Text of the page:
Date of Award


Degree Type


Degree Name

Doctor of Philosophy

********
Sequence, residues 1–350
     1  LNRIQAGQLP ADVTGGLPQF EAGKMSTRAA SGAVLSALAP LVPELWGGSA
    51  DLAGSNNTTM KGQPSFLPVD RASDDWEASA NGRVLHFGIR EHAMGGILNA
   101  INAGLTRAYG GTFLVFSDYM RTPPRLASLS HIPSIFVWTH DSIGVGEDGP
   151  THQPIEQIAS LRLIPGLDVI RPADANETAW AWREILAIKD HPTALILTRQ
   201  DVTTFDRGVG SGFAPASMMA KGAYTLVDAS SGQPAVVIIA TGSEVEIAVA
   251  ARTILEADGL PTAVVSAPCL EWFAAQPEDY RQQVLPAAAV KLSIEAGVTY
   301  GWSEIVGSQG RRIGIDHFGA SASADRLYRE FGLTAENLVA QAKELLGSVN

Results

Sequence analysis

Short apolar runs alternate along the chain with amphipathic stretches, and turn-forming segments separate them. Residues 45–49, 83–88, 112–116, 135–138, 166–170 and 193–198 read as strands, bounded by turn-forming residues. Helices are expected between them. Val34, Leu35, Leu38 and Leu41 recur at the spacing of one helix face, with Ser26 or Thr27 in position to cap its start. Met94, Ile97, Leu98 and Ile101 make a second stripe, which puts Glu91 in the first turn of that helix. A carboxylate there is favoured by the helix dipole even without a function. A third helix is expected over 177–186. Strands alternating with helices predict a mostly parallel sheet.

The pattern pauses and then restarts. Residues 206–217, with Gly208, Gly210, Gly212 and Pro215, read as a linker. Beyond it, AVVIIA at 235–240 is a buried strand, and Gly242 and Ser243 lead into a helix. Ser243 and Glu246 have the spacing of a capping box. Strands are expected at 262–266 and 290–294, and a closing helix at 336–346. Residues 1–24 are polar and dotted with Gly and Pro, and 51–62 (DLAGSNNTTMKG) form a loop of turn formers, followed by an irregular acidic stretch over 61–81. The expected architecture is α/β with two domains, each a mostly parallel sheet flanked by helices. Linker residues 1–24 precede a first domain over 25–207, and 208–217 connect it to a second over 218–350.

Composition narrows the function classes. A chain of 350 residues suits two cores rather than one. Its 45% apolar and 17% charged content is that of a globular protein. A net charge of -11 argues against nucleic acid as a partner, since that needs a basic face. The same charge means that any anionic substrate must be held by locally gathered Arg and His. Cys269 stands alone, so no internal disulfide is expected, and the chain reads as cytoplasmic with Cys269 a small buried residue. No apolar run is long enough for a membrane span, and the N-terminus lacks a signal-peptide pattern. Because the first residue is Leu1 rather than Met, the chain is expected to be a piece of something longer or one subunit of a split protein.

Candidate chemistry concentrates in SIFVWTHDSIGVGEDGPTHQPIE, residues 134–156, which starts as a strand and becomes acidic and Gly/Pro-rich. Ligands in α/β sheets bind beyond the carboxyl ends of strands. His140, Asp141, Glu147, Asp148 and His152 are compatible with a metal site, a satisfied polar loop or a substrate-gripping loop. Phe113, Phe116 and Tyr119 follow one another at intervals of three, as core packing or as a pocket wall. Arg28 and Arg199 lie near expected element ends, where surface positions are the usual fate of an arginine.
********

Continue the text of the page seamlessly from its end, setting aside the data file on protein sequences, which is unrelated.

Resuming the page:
Picture-word differences in mental comparisons involving object colour were investigated. On each trial of Experiment 1, a colour was tachistoscopically presented beside either an uncoloured line drawing of an object or the object's name. Subjects indicated whether or not the colour differed from the object's real-life colour. The categorical structure of colour concepts was operationalized by using normative data so that the presented colours best exemplified basic and boundary (e.g., greenish blue) colour terms and were either from the same colour name category as the real-life colour of the object or from a different category. Also, perceptual distance between the colour and the object's real-life colour was varied systematically. Pictures did not elicit faster comparisons than words in any condition, although a symbolic distance effect was found for within-category comparisons. Experiments 2 and 3 suggested that the absence of a picture advantage could not be easily explained in terms of unusually long recognition times for the pictures or greater uncertainty for colours associated with the pictures than with the words. In Experiment 4, the pictures and words were coloured in the colours with which they were paired in Experiment 1, thus colour and form were integrated. Although a stimulus modality by category interaction was found for these integrated stimuli, so that within category comparisons were faster for pictures than words and between category comparisons were faster for words than pictures, this interaction was not replicated in Experiment 5. The results are consistent with those obtained by Paivio and te Linde (1980) using a different procedure, and suggest that, although the colour memory used in making within category comparisons consists of information concerning perceptual similarity among colours, it is not accessed more quickly from pictures than words, unlike in mental comparisons involving other dimensions.



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